By Sophin Zoe Pruong-McCreery
San Diego, CA—The Southeast Asian American community is proud to present the 1st Annual Southeast Asian Refugee Experience. This free, family-friendly event features storytelling through different forms of art such as dance, spoken word, and other performed narratives. Additionally, there will be entertainment, cultural activities/exhibitions, guest speakers, sports tournaments, retail and informational booths, food, and so much more. All of these activities will relate to the theme of immigration and the plight of refugees.
The goals of the event are to share with and educate the larger community about the Southeast Asian peoples’ unique experiences, to preserve the memories for our children, to heal the wounds of war that many of our communities continue to suffer, and to build intergenerational and intercultural bridges. There will be stories of hardships endured while journeying to America, tales of courage and hope, and expressions of gratitude for the opportunities that are only available in this great country. This event will also place a spotlight on a controversial issue facing Cambodians and Southeast Asian Americans in general, which is deportation under stricter U.S. laws. Convicted felons without legal citizenship are at risk of being sent back to their country of origin, even if they have never lived there before, or only knew it for a short time.
The event will feature guest speakers including David Ros, 38, of Long Beach, California, a spokesperson for the One Love Movement, an organization advocating the rights of permanent residents who are facing deportation. The mission of the One Love Movement is to keep families together and allow them to live with dignity and respect. “We believe everyone deserves a second chance in life,” said Joe Hanzsum, 32, a community organizer for One Love, which he helped establish in Philadelphia over three years ago.
Ros is a Cambodian American father working as a medical transporter. He is also a former felon who served 19 years in prison for a crime he committed as a teenager. While incarcerated, he reflected on the poor choices he made in his life. He used that time to educate and engage himself in institutionally approved programs, such as the inmate-founded Asian Pacific Islander Cultural Awareness Group and various committees and liaisons. He is awaiting deportation to Cambodia, a war-torn country he escaped at age 5. He subsequently spent three more years in the hunger and filth of a refugee camp.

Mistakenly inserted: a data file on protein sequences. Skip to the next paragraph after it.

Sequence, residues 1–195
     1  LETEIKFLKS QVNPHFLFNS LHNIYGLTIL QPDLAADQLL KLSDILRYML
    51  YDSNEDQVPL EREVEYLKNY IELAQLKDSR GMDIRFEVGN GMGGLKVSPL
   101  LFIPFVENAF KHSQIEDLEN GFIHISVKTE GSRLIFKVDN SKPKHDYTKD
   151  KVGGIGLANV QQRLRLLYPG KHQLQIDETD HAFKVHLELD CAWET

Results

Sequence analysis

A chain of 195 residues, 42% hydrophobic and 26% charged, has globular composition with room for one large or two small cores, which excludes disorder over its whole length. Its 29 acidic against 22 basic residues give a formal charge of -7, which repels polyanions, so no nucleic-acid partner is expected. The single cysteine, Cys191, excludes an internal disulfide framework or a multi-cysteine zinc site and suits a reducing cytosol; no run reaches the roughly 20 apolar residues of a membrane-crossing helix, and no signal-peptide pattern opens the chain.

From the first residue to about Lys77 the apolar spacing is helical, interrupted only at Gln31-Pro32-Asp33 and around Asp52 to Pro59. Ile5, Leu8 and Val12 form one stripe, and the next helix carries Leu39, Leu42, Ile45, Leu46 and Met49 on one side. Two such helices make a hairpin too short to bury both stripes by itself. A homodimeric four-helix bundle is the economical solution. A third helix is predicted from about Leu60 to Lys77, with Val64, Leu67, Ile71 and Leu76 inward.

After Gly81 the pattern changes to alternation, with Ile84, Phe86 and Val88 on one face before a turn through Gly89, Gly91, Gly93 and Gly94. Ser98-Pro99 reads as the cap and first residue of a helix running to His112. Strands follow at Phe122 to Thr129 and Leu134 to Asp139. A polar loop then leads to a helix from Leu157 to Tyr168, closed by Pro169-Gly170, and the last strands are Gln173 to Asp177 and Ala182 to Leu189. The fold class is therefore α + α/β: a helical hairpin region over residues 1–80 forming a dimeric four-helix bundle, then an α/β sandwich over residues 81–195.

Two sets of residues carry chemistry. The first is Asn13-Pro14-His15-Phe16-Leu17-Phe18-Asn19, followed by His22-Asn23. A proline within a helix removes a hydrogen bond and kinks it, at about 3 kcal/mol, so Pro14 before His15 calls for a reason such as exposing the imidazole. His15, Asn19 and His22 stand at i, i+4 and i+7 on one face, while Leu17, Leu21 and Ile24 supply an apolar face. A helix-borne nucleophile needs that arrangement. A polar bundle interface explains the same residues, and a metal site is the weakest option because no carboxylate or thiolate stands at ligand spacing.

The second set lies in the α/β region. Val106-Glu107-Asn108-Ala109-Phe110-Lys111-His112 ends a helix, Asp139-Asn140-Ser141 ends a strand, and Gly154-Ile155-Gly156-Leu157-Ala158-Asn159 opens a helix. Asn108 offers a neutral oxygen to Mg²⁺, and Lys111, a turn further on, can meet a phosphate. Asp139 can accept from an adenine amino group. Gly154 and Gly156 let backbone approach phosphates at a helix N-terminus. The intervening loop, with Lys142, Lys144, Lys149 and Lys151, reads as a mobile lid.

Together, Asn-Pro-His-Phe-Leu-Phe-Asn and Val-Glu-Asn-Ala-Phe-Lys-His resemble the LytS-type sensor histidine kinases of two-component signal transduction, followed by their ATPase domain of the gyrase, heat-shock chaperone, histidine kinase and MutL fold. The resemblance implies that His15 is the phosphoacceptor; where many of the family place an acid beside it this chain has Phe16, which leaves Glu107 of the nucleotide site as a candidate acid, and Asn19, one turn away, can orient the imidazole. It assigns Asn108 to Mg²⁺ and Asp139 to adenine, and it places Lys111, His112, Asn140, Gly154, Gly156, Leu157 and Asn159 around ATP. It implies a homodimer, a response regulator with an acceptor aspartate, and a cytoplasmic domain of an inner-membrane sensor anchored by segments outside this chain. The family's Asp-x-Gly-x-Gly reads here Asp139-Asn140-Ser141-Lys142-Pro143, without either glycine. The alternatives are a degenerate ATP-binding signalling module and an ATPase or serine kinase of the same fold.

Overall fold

“People still misunderstand the issues,” said Ros, “Many former felons have already reformed their lives,” he said. “They are taxpayers, have families and mortgages, and some are even activists in the community.”
Ros also voiced his concerns for the future of his 10-month-old son. “Many of those affected by the 1996 law are residents who have served their time, have started a family, built lives, careers, [and] own homes. Because of deportation, families are torn apart, bread-winners are shipped off, and children are being separated from their parents. As a result, many of the broken families are unable to support themselves. What type of man will my son become if I am deported?”
At today’s event, Ros will stand in solidarity with other members of the Southeast Asian community as he spreads awareness of this intensely personal and political/legislative issue. Indeed, the family setting should serve to make his activist message all the more resonant.
Despite his uncertain future, Ros remains focused: “My goal is to build a team of supporters in Long Beach, California to work toward the vision and goals of the One Love Movement. I feel that Long Beach is ripe for activism. The first thing to do is collect members to spearhead the movement.”
“Southeast Asians are strong people. We are a fighting people, not because we like war, but because we have not been allowed to live at peace. We must figure out ways to reignite the fighting spirit,” said Ros.
According to the 2012 US Census, there are over 2.5 million residents of Cambodian, Laotian, Hmong, and Vietnamese descent. These Southeast Asian groups share a history of struggle, which the Refugee Experience event will showcase. Many Southeast Asians are recent immigrants, who are low-income, underserved, and must overcome language barriers. Their struggle is overshadowed by the success stories of other Asian Pacific Islander groups. “There is a great need for disaggregated data to dispel the belief in the so-called ‘model minority’ myth,” said Adam Manhbaoboua, one of the primary organizers and chairman of the Lao American Coalition.
The Refugee Experience event and collaboration is the first of its kind in San Diego, with other partner organizations including Victoria House Corporation, Karen Organization of San Diego, One Love Movement, San Diego Asian Youth Organization, Lao Hmong Family Association, Vietnamese Community of San Diego, and Lao Parent Student Teacher Association. The number of attendees is expected to exceed 300.
WHAT: Southeast Asian Refugee Experience
WHEN: Saturday, August 25, 2012 from 11 am to 5 pm
WHERE: Market Creek Plaza, 404 Euclid Avenue, San Diego, California 92114
Sophin Zoe Pruong-McCreery is a staff writer for the Khmerican. Her blog is http://khmericana.blogspot.com.